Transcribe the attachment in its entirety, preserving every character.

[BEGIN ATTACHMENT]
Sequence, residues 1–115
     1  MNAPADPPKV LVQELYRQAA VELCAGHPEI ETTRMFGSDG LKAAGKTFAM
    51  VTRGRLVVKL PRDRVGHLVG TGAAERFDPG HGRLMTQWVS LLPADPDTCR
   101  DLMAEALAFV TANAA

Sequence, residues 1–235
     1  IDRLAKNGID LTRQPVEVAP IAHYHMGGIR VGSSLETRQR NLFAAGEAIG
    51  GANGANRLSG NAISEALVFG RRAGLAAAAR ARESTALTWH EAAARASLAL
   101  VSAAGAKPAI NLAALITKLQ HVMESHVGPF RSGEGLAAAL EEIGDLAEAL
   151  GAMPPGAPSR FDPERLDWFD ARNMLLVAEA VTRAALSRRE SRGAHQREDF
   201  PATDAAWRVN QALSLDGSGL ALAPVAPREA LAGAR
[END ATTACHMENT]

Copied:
Sequence, residues 1–115
     1  MNAPADPPKV LVQELYRQAA VELCAGHPEI ETTRMFGSDG LKAAGKTFAM
    51  VTRGRLVVKL PRDRVGHLVG TGAAERFDPG HGRLMTQWVS LLPADPDTCR
   101  DLMAEALAFV TANAA

Sequence, residues 1–235
     1  IDRLAKNGID LTRQPVEVAP IAHYHMGGIR VGSSLETRQR NLFAAGEAIG
    51  GANGANRLSG NAISEALVFG RRAGLAAAAR ARESTALTWH EAAARASLAL
   101  VSAAGAKPAI NLAALITKLQ HVMESHVGPF RSGEGLAAAL EEIGDLAEAL
   151  GAMPPGAPSR FDPERLDWFD ARNMLLVAEA VTRAALSRRE SRGAHQREDF
   201  PATDAAWRVN QALSLDGSGL ALAPVAPREA LAGAR